The Telegraph
Since 1st March, 1999
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- Tales of lost eroticism, lyrical unions and desolate departures

flights of love By Bernhard Schlink, Pantheon, $ 18

Bernhard Schlink takes his time. Six of the seven tales in the book are long short stories. They evoke the rhythm and close-woven texture of the novel, yet never offer a break till the last twist reminds the reader that it is a short story he is reading. These are stories of love and division, of growing apart through increasing closeness, of lyrical and mysterious unions and desolate departures or rejections. But none of these tales of lost eroticism is free of the incursions of the past. Histories — personal, political and religious — inform every encounter, determine the course of events and, to a great extent, decide the resolution.

The form and length of the stories reflect the intricate relationship of the past and present. Something is hidden, a picture, a betrayal, a double life, a dream, an affair, a willingness, the state of a marriage. Love causes the concealment and also draws out the hidden. “Hiding things is exhausting,” says the librarian in “Girl with lizard” to a young man in search of a past for the painting he is in love with. Perhaps this story best exemplifies the acute irony of Schlink’s technique. The young man moves patiently and inexorably towards a recognition of his own inheritance by uncovering the history of the painting. He is, as the librarian teasingly tells him, a little detective. But it is not easy to work off the exhaustion of hiding things, or to work out what discovery means. The narratives wind through strange byways of the mind where the past and present meet in startled encounter as the lovers move towards acceptance, incomprehension or despair.

The detective’s role is Schlink’s too. He is the author of four crime novels besides the bestseller, The Reader. It is with the same luminous patience of a detective that he uncovers the secret seams within desires and emotions. A German man, one of a group of observers for the elections in a trouble-torn land in “The Son”, draws into his shell as his colleagues display family photographs and discuss their children. He cannot talk about the son from whom he has grown distant since his divorce. Yet suddenly the memories come. In one, his ex-wife and her new boyfriend come to claim the child for the rest of a holiday that father and son were enjoying together. The man had given in, in betrayal of a love he could not acknowledge then: “Had he wanted to make things easier for his son' Or for the boy’s mother' Or for himself' Was he secretly glad that his son was gone and he could get back to work'”

The most powerful attraction, the most lyrical love in Schlink’s world carries its own unique distance with it. In “The circumcision”, when Sarah asks Andi why he loves her, he says, “I’ve never met a woman who sees so much, who looks at things with so much care and sympathy. I love you for that. I feel safe within your gaze.” But even that sympathy and sense of safety may begin to fail in the face of histories and origins they thought their love had overcome. They cannot rid themselves of inherited Germanness and Jewishness. “Is there only an either-or'” Andi wonders. “Either German or American, Christian or Jew' Are words pointless because they help you to understand another person, but not to tolerate him, and because what really counts isn’t understanding but tolerance' But as for tolerance — do we ultimately tolerate only those who are like us'…Can any good come of it [difference] if our differences call fundamentals into question'”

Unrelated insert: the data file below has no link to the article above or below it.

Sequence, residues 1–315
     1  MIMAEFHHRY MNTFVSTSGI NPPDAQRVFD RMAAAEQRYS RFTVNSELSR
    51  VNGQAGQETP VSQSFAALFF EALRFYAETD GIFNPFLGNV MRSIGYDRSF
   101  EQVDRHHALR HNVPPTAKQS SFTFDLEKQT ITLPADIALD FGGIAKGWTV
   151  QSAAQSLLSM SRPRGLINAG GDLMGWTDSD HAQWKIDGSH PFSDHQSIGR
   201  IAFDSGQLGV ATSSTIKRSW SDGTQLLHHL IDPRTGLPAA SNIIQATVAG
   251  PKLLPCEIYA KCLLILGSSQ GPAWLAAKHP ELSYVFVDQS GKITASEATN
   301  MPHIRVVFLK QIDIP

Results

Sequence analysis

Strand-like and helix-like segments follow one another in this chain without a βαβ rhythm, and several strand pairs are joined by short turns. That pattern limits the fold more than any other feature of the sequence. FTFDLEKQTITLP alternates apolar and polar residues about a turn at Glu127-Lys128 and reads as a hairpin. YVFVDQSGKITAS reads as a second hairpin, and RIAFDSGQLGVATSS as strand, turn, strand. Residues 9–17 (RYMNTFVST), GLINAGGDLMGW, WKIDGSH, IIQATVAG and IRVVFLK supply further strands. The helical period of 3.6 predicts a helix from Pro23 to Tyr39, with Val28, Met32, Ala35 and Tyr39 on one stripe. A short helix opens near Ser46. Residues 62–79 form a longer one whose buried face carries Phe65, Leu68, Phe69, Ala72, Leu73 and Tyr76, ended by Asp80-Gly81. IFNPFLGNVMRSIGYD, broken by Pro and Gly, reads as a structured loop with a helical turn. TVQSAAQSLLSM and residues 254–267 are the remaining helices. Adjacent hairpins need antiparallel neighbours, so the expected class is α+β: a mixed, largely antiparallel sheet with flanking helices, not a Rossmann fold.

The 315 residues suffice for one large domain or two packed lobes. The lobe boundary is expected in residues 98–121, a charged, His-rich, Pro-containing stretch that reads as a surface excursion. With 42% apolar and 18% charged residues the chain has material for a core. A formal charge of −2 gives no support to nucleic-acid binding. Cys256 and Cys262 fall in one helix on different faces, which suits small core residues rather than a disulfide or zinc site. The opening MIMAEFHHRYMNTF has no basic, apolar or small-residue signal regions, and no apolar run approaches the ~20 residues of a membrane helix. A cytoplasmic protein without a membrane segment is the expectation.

Andi’s and Sarah’s is an obvious difference. But in “A little fling”, the difference, not any the less divisive, is between East and West Germany — after reunification. For Schlink, it is not even necessary to find another history for separateness. It is enough, as in “The woman at the gas station”, to be two human beings married for a long time and in the middle of a celebratory second honeymoon to be forced to come out with it — that which always lay hidden: “I can only run away.” The strongly cerebral quality of Schlink’s prose, translated by John E. Woods, prevents the ecstasy, shock and bewilderment in the stories from collapsing into sentimentality. Instead, the underlying tragedy is glimpsed through irony. The irony may range from the compassionate to the cruel, as in “Sugar peas”. Schlink’s narration is deceptively matter-of-fact; it cunningly points up the drama and warmth of the emotions through its unruffled evenness.

Perceptive and disturbing, the stories seem to draw predominantly on men’s experience of love. The differences in failure are subtly gendered. It is only in “The other man” that a husband comes to a painful understanding of his dead wife, and of himself, through the realization that in giving her love to two men she was not depriving either. Both the love and the anger of women are unconventional, unexpected and therefore not fully explicable in a world of manmade definitions and categories. Understanding this may not always be a pleasant experience. The contrast between a man’s selfish but unthinking exploitation and his women’s concerted and calculated reply makes up a frightening tale in “Sugar peas”. It is the morality of love, not amorality, that interests Schlink. The unrelenting prose is the perfect vehicle for the agonized honesty of the characters. Its measured pace creates an illusion of broad spaces, in terms of both geography and time, and disguises the perfection of the short story plot. Schlink is telling stories of the strange workings of love; his success lies in seducing the reader into an uncomfortable but fascinated recognition that the tales are not so unfamiliar after all.

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